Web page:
• Ervasti, Jenni; Peutere, Laura; Virtanen, Marianna; Krutova, Oxana; Koskinen, Aki; Härmä, Mikko; Kivimäki, Mika; Ropponen, Annina (2022)
    BackgroundThe association between health and working hours is hypothesized to be reciprocal, but few longitudinal studies have examined changes in both health and working hour patterns over time. We examined combined trajectories of self-related health and two working hour patterns (working
  • Puhakka, Riikka; Ollila, Sari; Valve, Raisa; Sinkkonen, Aki Tapio (2019)
    A health effect is a credence quality feature which is difficult for consumers to detect, and they need to be convinced of its trustworthiness. This study explores the role of trust-related arguments in Finnish, German, and British consumers' willingness to try a novel health-enhancing, non-edible product. Scientific evidence in particular would convince consumers, particularly Finnish ones, to try a product. Receiving recommendations from other users was more important for younger than for older respondents when it came to trying this type of product. Different marketing strategies may be needed to convince potential users of the benefits of a novel product.
  • Halonen, Jaana I.; Pulakka, Anna; Pentti, Jaana; Kallio, Minna; Koskela, Sofia; Kivimäki, Mika; Kawachi, Ichiro; Vahtera, Jussi; Stenholm, Sari (BMJ, 2020)
    BMJ Open 10 8 (2020)
    Objective: Neighbourhood characteristics may affect the level of physical activity (PA) of the residents. Few studies have examined the combined effects of distinctive neighbourhood characteristics on PA using objective data or differentiated between activity during working or non-working days. We examined the associations of socioeconomic disadvantage and greenness with accelerometer-measured leisure-time PA during working and non-working days. Design: Cross-sectional study. Setting: Finnish Retirement and Aging (FIREA) study. Participants: 708 workers (604 women, mean age 62.4 ranging from 58 to 64 years,) participating in the FIREA study who provided PA measurement data for at least 1 working and non-working day. Primary and secondary outcomes: PA was measured with wrist-worn accelerometer on average of 4 working and 2 non-working days. Outcomes were total PA, light PA (LPA) and moderate-to-vigorous PA (MVPA). These measurements were linked to data on neighbourhood socioeconomic disadvantage and greenness within the home neighbourhood (750×750 m). Generalised linear models were adjusted for possible confounders. Results: On non-working days, higher neighbourhood disadvantage associated with lower levels of total PA (p value=0.07) and higher level of neighbourhood greenness associated with higher level of total PA (p value=0.04). Neighbourhood disadvantage and greenness had an interaction (p value=0.02); in areas of low disadvantage higher greenness did not associate with the level of total PA. However, in areas of high disadvantage, 2 SD higher greenness associated with 46 min/day (95% CI 8.4 to 85) higher total PA. Slightly stronger interaction was observed for LPA (p=0.03) than for the MVPA (p=0.09). During working days, there were no associations between neighbourhood characteristics and leisure-time total PA. Conclusions: Of the disadvantaged neighbourhoods, those characterised by high levels of greenness seem to associate with higher levels of leisure-time PA during non-working days. These findings suggest that efforts to add greenness to socioeconomically disadvantaged neighbourhoods might reduce inequalities in PA.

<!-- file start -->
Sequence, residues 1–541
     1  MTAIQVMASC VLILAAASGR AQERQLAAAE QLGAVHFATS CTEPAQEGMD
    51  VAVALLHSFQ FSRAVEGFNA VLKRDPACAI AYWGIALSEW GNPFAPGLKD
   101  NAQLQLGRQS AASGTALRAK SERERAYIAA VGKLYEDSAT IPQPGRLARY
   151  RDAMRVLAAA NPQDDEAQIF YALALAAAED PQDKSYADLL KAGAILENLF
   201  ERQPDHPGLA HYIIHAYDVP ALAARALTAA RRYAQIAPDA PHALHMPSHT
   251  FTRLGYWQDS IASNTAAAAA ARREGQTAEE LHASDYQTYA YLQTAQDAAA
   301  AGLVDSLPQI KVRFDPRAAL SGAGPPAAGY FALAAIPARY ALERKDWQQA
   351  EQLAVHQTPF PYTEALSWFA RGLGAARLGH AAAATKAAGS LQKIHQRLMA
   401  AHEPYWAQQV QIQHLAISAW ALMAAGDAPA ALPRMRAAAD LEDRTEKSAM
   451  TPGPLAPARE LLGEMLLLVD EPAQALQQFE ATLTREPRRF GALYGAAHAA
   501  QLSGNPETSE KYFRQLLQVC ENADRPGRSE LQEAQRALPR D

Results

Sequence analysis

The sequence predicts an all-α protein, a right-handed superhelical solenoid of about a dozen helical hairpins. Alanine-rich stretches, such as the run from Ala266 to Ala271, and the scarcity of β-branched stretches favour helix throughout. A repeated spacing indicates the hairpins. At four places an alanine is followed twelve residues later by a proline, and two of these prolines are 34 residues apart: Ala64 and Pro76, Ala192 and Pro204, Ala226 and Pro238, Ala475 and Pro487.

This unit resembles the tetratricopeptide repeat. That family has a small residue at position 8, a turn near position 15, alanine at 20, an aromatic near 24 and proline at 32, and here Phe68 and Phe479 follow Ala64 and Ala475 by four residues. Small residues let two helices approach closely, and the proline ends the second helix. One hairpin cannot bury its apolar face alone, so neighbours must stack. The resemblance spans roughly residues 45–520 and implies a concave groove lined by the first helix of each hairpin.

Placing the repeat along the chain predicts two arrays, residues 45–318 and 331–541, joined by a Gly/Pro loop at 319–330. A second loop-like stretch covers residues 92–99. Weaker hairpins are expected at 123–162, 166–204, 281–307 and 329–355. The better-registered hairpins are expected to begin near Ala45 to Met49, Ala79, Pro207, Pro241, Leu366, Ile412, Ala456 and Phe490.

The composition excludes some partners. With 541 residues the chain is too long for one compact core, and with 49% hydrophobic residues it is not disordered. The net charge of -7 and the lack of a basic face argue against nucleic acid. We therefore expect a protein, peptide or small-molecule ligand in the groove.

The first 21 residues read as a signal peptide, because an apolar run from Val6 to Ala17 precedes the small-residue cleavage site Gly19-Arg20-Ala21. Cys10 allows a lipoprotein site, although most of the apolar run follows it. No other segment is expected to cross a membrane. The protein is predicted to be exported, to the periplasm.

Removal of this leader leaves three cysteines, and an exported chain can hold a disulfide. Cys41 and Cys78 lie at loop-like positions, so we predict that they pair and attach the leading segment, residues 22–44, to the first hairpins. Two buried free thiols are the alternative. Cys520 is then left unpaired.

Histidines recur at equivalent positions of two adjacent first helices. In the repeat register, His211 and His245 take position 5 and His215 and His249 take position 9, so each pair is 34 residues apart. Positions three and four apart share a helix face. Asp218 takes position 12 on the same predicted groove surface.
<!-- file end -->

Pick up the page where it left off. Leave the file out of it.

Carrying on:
• Sydänmaa, Birgitta Nicola (Helsingin yliopisto, 2020)